Is There Any Difference Between Islamic Violence Today and the Wars of the Old Testament?
Posted On June 22, 2016
I got a great question today from my sister:
What would you say to someone who believes the Koran teaches Muslims to kill non believers and the Old Testament people were told to kill groups of people that did not worship God, and they wanted to know the difference?
God has taken a lot of heat for the OT wars, especially the ones reported in the book of Joshua, and the later war against the Amalekites. Now Muslims are taking heat for perpetrating violence against unbelievers all over the world. There are some who would say that all religious violence is wrong, because religions shouldn’t ever be involved in that. For this whole question we’re taking the position that there is a God; otherwise it’s just an easy answer: everyone who kills in God’s name is always wrong all the time. But that wouldn’t really address the question, whether one could be right and the other be wrong.
Let’s take a closer look, then.
- Does God ever have the right to take human life?
- Is it possible he would use his people as his instruments to do that?
- If yes, then how would anyone know that was what was going on: that it was really God’s people acting on God’s instructions?
- In spite of the similarities, are there any significant differences between Old Testament killing and Muslim violence today?
- What difference does Jesus Christ make in all this?
This will be brief. I don’t think I’ll get to the whole answer with these five questions, but maybe enough of it for now.
1. Does God ever have the right to take human life?
Both Christianity and Islam teach that God (Allah) is the author of life, the Lord of the universe, the moral lawgiver, the king, and the judge. Every person ever born will face God’s judgment, no matter when or how they reach the end of their life. That means that every life that lives is taken in the end by God. This is not unique to times of war; it’s also true for the man who dies of cancer or the woman who is lost in childbirth.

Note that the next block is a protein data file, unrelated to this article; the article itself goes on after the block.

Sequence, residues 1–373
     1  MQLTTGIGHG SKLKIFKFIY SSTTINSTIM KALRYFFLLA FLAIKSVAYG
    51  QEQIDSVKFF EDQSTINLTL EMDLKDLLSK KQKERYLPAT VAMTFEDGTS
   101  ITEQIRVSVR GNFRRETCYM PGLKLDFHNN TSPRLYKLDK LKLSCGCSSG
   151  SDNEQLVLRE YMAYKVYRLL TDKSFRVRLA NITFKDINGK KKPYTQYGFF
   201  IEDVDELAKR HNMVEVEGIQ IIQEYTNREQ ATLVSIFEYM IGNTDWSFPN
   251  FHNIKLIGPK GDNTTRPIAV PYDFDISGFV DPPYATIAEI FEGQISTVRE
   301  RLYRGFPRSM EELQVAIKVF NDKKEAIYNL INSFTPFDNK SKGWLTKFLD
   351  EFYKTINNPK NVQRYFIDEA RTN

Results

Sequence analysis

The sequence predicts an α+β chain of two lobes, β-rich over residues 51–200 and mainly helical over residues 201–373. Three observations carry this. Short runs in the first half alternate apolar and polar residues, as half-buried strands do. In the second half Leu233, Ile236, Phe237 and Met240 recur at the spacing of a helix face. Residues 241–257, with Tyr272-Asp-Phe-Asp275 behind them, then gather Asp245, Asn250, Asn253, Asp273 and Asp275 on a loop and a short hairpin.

Because God’s justice is eternal, human death is transitional, anyway: it’s not the final answer for how our lives will come out. When God takes a life he takes it to treat it according to his goodness, justice, and mercy forever. Surely if there is a God, then God has the right to bring his people from this life into eternity that way.
And justice is real, as is God’s judgment to carry out that justice. The Old Testament wars were wars to judge the people for centuries of evil: child sacrifice, ritual prostitution, and deeply entrenched idolatry. This God judges. He waited 400 years to do it, but he finally did it — as was his right.
Note that Islam, which follows that much of the Bible, agrees with this. There’s only one major point of disagreement between the two religions concerning violence: Is it right today?
2. Is it possible God would use his people as his instruments to take human life?
Both Old Testament Judaism and Islam teach that God (Allah) uses his people to execute judgment on unbelievers. In this there is little difference between the two.
New Testament Christianity sharply limits this, as I’ll return to in a moment.